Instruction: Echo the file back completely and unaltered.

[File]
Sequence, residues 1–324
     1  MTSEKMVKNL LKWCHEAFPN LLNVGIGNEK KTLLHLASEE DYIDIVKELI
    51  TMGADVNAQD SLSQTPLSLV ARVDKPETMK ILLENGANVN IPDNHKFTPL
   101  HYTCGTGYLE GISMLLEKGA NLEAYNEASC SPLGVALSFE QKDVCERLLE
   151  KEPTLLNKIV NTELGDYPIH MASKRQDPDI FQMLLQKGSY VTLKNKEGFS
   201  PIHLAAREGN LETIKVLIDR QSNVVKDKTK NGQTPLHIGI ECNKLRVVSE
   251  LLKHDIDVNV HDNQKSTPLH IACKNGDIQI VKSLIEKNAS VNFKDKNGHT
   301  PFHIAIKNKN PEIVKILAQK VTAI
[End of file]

Sequence, residues 1–324
     1  MTSEKMVKNL LKWCHEAFPN LLNVGIGNEK KTLLHLASEE DYIDIVKELI
    51  TMGADVNAQD SLSQTPLSLV ARVDKPETMK ILLENGANVN IPDNHKFTPL
   101  HYTCGTGYLE GISMLLEKGA NLEAYNEASC SPLGVALSFE QKDVCERLLE
   151  KEPTLLNKIV NTELGDYPIH MASKRQDPDI FQMLLQKGSY VTLKNKEGFS
   201  PIHLAAREGN LETIKVLIDR QSNVVKDKTK NGQTPLHIGI ECNKLRVVSE
   251  LLKHDIDVNV HDNQKSTPLH IACKNGDIQI VKSLIEKNAS VNFKDKNGHT
   301  PFHIAIKNKN PEIVKILAQK VTAI